The Ghana Ski Team Visits Montana
On March 28, 1999 two Ghanaian brothers, Samuel and Christopher Addo touched snow ("frozen ice milk" as they called it) for their first time at Bridger Bowl ski area outside Bozeman. The two brothers flew from their home in Accra, a city of around 1,000,000 people on the coast of Ghana, to Bozeman for a two-week stay in Montana. Can you believe that more people live in the city of Accra than in the entire state of Montana? Anyway, Samuel, eighteen years old and Christopher, only sixteen, had a more interesting adventure than most on the way to their first day on skis.
Two years ago, while walking the dusty road to school, the brothers found a Bridger Bowl brochure lying on the ground. It's anyone's guess how that brochure ever ended up over there. But it's a good thing that Chris loves to read anything he gets his hands on. Though they had seen snow only on the "telly" (TV), Samuel and Christopher decided to write for more information about Bridger Bowl. Doug Wales, an employee of Bridger, answered their letter and over the next couple of years Doug and the boys became friends. They even exchanged gifts. Doug sent a rodeo belt buckle to Accra while Sam and Chris sent back a Djembe (jem-bay); a large hourglass-shaped drum popular in West Africa.
Ghana is a tropical African nation near the equator. A cold day in Accra is eighty degrees Fahrenheit. (The boys didn't take off their coats much during their stay in Montana.) You might want to check out a map to see just where Ghana is. Now, most Ghanaian children probably can't afford a ski vacation to the United States. It takes around 2,500 Ghanian cedi just to equal one U.S. Dollar. But these kids were in luck. Doug Wales made sure that everyone in Bozeman knew about the Addos and together with people from the town, including local school children, he raised enough cedi to bring the "Ghana Ski Team" to Bridger Bowl.
First, the Addos brothers had to receive permission to leave Ghana and to enter the United States. Doug asked the offices of Congressman Rick Hill and Senators Max Baucus and Conrad Burns to write letters of support to the Ghanaian Consulate. Next, the brothers spent two days waiting in line just to get an interview with a Consular. (A Consular is a government official who works with foreign travelers.) The boys didn't find out until two days before their plane left whether or not they would be able to fly into Montana. Imagine if you had to spend three days waiting for permission anytime you wanted to go skiing. At least the lift lines wouldn't get so long.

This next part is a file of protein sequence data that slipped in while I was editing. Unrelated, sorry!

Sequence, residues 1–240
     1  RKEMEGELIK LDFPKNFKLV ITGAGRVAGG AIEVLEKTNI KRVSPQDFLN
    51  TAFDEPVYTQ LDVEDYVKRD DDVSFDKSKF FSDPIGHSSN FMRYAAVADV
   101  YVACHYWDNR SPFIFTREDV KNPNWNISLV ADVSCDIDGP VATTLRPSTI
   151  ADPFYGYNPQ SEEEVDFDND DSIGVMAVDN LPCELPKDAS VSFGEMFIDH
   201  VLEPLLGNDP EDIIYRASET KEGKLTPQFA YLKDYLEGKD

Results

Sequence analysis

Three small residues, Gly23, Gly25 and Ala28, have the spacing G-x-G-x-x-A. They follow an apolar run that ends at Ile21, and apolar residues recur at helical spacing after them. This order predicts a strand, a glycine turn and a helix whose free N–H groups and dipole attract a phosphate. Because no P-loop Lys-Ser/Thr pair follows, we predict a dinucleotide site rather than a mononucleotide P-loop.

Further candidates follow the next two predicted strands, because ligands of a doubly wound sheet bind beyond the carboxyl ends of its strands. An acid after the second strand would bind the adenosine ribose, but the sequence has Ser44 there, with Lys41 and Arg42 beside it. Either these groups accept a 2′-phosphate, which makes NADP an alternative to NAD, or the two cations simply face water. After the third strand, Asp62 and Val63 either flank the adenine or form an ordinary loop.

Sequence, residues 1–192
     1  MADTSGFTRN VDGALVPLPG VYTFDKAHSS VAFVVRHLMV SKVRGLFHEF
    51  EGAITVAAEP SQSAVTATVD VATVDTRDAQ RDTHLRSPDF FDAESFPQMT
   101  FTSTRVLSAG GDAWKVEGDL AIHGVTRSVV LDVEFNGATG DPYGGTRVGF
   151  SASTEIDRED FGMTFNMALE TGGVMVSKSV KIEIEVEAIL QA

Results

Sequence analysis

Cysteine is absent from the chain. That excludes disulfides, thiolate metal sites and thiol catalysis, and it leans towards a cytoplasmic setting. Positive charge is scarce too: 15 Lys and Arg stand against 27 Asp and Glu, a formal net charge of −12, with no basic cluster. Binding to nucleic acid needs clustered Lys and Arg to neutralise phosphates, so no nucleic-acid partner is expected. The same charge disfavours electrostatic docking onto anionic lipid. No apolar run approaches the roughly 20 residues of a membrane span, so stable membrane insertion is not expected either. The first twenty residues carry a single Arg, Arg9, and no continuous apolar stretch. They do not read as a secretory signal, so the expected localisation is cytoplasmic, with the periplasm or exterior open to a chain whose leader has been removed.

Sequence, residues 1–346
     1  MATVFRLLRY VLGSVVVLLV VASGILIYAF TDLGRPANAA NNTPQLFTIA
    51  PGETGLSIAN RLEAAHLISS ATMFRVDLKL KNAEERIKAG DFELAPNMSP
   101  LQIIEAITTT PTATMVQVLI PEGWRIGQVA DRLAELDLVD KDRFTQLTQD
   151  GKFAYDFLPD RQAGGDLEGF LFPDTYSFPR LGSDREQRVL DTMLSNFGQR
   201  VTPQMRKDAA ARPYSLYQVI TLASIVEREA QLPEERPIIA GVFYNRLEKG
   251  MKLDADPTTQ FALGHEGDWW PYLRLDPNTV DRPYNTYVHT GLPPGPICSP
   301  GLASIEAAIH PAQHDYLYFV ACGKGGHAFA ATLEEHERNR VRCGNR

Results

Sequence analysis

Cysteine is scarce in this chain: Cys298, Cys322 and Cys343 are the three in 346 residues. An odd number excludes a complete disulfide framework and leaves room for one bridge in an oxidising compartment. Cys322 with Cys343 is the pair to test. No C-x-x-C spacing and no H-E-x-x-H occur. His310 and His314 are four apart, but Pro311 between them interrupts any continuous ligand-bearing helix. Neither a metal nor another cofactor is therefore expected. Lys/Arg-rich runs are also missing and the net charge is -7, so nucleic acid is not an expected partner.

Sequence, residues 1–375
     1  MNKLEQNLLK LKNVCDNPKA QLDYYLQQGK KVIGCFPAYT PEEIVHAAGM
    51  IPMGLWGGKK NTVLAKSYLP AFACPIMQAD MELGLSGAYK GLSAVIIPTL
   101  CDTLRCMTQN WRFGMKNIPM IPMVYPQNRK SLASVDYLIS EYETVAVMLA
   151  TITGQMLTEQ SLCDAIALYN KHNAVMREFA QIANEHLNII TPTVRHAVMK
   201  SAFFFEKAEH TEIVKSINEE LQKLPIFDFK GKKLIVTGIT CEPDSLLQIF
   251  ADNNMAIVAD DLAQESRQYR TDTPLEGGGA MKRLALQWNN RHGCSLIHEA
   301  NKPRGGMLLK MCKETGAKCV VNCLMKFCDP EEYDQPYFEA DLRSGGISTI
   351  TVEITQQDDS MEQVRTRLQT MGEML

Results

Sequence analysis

Chris had never left Ghana before and Sam had never left West Africa. After spending a night in New York City where Doug warned them "not to leave their hotel room," the brothers flew into Gallatin Field outside Bozeman. Doug drove out and picked them up. After waiting for a while at the turnstyle to get their luggage, Doug realized that the boys hadn't brought anything with them but the small bags over their shoulders. "I was really amazed [at] how little they traveled with that evening when Sam emptied out ten different traditional garments from his little bag as gifts to me and my family and friends," Doug said later.
Fortunately, Doug had collected ski gear and clothing from his closet, his friends, and the Bridger Bowl lost and found box. "They walked out of the shops in their big, beefy ski boots much like I imagined the first man walking on the moon," said Doug. I'll bet they sort of felt like they were walking on the moon too. When they finally made it to the slopes, Sam was surprised to learn that skis don't have wheels on them. Skis really are amazing when you stop to think about it. Science at its very best. Two hours after landing in Montana, Sam and Chris were riding the rope-tow and taking a lesson from 22 year-old ski instructor Andy Geldon. The boys quickly became local celebrities, smiling and taking pictures with new friends. After all, it's not every day that people fly across the Atlantic Ocean to ski at Bridger Bowl.
The boys were determined to become skiers. Within five days of first seeing "frozen ice milk" they were standing atop Pierre's Knob, ready to tackle some real turns. It snowed two feet during the Addos stay at Bridger. One day, Doug and a photographer were supposed to meet the boys at the bottom of a ski lift. Chris was waiting there but Sam was long gone. The snow was just "toooo goooood," he explained later. At least they learned the first lesson of skiing- no friends on powder days!
Before returning home, the brothers met Montana former Governor Marc Racicot, visited some local schools, went to the theater, and toured Yellowstone National Park. We are all glad that Samuel and Christopher could visit with a few folks here in Montana. You just never know which dream might come true.